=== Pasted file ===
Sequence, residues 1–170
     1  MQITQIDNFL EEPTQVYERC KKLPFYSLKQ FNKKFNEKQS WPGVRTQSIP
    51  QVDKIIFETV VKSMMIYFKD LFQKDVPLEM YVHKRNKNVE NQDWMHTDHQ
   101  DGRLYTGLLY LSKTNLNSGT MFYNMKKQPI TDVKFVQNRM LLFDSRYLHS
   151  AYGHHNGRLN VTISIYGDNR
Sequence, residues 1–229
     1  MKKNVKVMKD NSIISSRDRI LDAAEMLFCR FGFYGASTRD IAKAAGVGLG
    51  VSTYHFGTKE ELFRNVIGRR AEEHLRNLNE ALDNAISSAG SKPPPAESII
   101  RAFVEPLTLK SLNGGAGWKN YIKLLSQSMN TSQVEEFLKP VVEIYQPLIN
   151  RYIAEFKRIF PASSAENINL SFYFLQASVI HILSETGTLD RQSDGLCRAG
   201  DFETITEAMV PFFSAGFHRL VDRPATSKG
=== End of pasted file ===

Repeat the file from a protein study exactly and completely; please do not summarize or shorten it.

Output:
Sequence, residues 1–170
     1  MQITQIDNFL EEPTQVYERC KKLPFYSLKQ FNKKFNEKQS WPGVRTQSIP
    51  QVDKIIFETV VKSMMIYFKD LFQKDVPLEM YVHKRNKNVE NQDWMHTDHQ
   101  DGRLYTGLLY LSKTNLNSGT MFYNMKKQPI TDVKFVQNRM LLFDSRYLHS
   151  AYGHHNGRLN VTISIYGDNR
Sequence, residues 1–229
     1  MKKNVKVMKD NSIISSRDRI LDAAEMLFCR FGFYGASTRD IAKAAGVGLG
    51  VSTYHFGTKE ELFRNVIGRR AEEHLRNLNE ALDNAISSAG SKPPPAESII
   101  RAFVEPLTLK SLNGGAGWKN YIKLLSQSMN TSQVEEFLKP VVEIYQPLIN
   151  RYIAEFKRIF PASSAENINL SFYFLQASVI HILSETGTLD RQSDGLCRAG
   201  DFETITEAMV PFFSAGFHRL VDRPATSKG